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Tom Peterkin: David Cameron’s EU headache offers ammunition for those inside Holyrood bubble

Alex Salmond, Nicola Sturgeon and John Swinney. Picture: Ian Rutherford

Alex Salmond, Nicola Sturgeon and John Swinney. Picture: Ian Rutherford

  • by TOM PETERKIN
 

INSIDE the Holyrood bubble, Alex Salmond’s difficulties over an independent Scotland’s EU membership has become so all-consuming that sometimes one can forget that he is not the only political leader to have difficulties over Europe.

The fault line over European policy, that has run through the heart of the Conservatives for decades, is widening once more and creating problems for David Cameron.

The rise of UKIP and the flexing of muscles by Tory Eurosceptics MPs are problematic for a leader who has a constant battle to paper over the dividing line – not to mention the challenge of keeping a coalition government together. For what seems like an age, we have been waiting for a “historic” speech from Cameron on the UK’s future in Europe.

The delay is understandable given the tightrope that the Prime Minister has to walk on an issue that proved so troublesome for his predecessors John Major and Margaret Thatcher.

In the absence of the Prime Minister outlining his position, the stirrings by the Tory right appear to be coalescing around a position that has been characterised by the phrase “Back to the Common Market”.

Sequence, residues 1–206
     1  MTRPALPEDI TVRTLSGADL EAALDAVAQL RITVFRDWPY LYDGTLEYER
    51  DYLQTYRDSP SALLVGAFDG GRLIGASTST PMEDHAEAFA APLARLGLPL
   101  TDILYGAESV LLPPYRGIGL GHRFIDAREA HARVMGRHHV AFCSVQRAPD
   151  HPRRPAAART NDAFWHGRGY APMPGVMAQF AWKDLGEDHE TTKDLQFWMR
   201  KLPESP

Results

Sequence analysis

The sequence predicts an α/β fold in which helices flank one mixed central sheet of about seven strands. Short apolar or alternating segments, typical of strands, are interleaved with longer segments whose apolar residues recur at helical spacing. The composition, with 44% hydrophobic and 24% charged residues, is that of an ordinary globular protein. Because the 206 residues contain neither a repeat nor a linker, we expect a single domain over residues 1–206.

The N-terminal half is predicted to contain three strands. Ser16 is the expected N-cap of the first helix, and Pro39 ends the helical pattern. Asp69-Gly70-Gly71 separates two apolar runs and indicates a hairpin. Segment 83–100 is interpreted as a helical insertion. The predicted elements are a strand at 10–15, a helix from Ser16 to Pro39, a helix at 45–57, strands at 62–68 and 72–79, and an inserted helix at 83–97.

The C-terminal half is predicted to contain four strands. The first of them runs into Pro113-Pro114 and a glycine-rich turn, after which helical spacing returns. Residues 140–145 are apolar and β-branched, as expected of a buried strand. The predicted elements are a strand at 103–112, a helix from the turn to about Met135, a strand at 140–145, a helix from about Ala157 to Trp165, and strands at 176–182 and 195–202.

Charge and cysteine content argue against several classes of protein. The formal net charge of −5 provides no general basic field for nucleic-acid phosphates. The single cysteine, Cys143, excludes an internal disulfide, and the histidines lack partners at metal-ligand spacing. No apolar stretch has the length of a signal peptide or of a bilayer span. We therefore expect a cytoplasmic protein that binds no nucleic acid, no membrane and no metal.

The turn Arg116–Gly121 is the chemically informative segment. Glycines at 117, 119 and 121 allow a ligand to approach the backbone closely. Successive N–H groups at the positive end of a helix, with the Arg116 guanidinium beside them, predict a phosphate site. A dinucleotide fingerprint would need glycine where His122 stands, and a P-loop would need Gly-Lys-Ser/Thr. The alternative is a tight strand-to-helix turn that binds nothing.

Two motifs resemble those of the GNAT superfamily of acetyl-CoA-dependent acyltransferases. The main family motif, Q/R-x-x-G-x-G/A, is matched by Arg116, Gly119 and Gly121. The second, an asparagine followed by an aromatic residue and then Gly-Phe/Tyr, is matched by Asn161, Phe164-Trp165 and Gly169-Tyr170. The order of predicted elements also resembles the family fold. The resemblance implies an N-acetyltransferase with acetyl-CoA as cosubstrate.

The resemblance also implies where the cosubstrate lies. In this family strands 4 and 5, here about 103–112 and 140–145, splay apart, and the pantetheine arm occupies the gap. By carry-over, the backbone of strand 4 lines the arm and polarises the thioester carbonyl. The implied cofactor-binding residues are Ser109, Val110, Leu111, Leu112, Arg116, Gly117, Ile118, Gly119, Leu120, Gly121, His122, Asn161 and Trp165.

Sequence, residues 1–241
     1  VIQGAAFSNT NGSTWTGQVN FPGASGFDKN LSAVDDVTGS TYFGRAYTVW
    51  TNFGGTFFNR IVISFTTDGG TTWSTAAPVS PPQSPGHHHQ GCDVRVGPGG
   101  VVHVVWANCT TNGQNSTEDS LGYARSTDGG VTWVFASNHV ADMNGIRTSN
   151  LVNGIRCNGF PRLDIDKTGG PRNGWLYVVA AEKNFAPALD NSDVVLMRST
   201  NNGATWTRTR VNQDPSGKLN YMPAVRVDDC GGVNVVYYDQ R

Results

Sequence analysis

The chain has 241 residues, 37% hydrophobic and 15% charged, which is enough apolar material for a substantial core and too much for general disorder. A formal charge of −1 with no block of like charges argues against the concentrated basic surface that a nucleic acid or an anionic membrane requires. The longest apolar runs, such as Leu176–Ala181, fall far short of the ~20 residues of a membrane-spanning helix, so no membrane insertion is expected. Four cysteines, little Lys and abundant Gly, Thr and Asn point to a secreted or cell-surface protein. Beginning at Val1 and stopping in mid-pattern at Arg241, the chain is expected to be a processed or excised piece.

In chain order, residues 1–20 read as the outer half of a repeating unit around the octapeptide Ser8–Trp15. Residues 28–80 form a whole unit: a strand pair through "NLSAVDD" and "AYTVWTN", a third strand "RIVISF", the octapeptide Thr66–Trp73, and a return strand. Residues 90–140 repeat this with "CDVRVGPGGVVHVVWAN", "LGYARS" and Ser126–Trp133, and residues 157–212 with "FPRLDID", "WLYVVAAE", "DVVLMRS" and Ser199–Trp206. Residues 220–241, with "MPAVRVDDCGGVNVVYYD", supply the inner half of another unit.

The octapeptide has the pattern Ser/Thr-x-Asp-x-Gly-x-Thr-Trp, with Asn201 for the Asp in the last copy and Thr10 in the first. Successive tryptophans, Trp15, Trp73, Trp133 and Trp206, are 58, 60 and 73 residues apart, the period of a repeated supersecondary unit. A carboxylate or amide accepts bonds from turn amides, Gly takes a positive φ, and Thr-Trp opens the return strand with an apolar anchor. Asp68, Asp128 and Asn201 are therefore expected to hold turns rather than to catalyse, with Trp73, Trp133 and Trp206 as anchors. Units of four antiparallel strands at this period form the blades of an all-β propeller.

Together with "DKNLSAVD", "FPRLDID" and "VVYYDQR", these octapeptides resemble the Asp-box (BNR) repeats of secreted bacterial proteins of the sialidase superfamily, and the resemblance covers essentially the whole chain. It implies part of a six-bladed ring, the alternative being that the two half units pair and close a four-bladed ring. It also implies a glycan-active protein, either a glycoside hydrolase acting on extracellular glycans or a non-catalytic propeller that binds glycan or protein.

That would see the UK demanding a renegotiation that would result in an opt-out of many EU laws while remaining within the free market. The renegotiation would then be put to a referendum.

While such a position may provide a rallying point for the Conservative Eurosceptics, the divisions within the party are coming to the fore once more.

For example, this week it was reported that the Home Office minister Damian Green believes that such a position is unrealistic and would discourage investment.

“This is a fantastic vision precisely because it is a fantasy,” Green said. “What is in this for those on the other side of the negotiation? Any policy that could take Britain out of the EU would only damage the UK economy.”

So Cameron has a difficult dilemma on his hands. So far he has shied away from formally outlining the way he believes Britain’s relationship with the EU should be refashioned.

The Prime Minister may regard this as a pragmatic approach, but it does not satisfy the agitators on the right.

In the meantime, moving back inside the Holyrood bubble, the Prime Minister’s travails are providing a bit of ammunition for an SNP Government.

That’s why Nicola Sturgeon wasted no time in declaring that the “overtly hostile stance” of the UK government on Europe is the “real risk” to Scotland’s EU membership when she tried to explain away the muddle surrounding the SNP’s position on Europe. It also explains Salmond’s impressive rant against the Ruth Davidson at First Minister’s Questions when he scolded the Scottish Tory leader, saying: “It ill-behoves a representative of a Eurosceptical party to come to this chamber and ask questions of Scotland’s credentials as a European nation.”

 

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